Looking back on it, my high school experience definitely gave me the opportunity to explore a lot of things, more culturally than intellectually. Since it was a boarding school, there were a lot of international students from across the world. My group of friends was made up of a girl from Florida, two girls from Chicago, a girl from San Francisco, and a girl from Shanghai.

What were you involved in during high school?

I ran cross country and I still run a lot. I was in the orchestra. I played viola and piano. I also sang in the choir. I did a lot of musical initiatives in high school. I was also in a musical so theater was a really big part of my life. I helped start a  music technology program. I was also a designer for random stuff like school spirit t-shirts and bags. I had been trying to get the school to allow me to paint murals for a long time–that didn’t work out but I’m glad I tried. *laughs*

One thing that I’m really proud of doing in high school was I researched solar power and the possibility of it on my campus. I had already been interested in environmental science during my senior year and I wanted to pursue that a little deeper so I decided to form my own [research] with my environmental science teacher.

[During my research,] I told my teacher “Mr. Black, you know I’m doing this because our school doesn’t really have a good history of having alternative energy, but I don’t know how far my research will go because they’ve already said ‘no’ so many times.”

He said “Well, you’ll start a seed, I promise. You’ll start a seed of thought and that’ll start everything.”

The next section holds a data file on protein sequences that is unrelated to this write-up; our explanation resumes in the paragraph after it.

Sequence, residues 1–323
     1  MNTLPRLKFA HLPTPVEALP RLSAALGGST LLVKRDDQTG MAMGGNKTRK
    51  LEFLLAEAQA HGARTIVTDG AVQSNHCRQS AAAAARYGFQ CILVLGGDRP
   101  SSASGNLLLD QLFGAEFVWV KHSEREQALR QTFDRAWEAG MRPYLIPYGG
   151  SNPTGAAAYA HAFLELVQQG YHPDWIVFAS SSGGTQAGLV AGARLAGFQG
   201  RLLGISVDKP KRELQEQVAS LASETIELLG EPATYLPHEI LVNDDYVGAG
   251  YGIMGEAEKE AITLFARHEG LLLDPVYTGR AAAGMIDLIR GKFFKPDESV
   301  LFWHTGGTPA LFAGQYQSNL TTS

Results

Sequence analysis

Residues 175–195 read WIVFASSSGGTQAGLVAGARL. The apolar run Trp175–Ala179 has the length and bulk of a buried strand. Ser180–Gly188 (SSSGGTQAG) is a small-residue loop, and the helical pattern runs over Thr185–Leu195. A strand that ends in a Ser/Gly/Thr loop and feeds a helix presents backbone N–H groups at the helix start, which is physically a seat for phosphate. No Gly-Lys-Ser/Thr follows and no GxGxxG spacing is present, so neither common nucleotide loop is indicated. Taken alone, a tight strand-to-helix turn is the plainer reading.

I visited my high school [a few weeks ago] and spoke to my teacher and he told me, “I wanted to let you know that three seniors this year took on your project and they’ve been working on the information. They’re going to present their ideas to one of the boards of the school and I already have students lined up for the next year to take over your work.”

That’s really cool!

You’re very involved in art, but you chose to study environmental engineering. How did that happen?

I literally have no idea. I thought I wanted to do biomedical engineering at the end of senior year. That was because I grew up in a medicine-based family.

It was actually one of the bigger reasons I decided to take my year off. I [asked myself] “Is that something I really want to do?” I volunteered at a hospital the past summers and I did not enjoy my time there. Then, I talked to my brother who suggested I take a year off to figure myself out. He had been suggesting it since March of my senior year. The first time he suggested it to me, I was like “Are you joking me? That’s really funny.” I made fun of him, but look where that got me.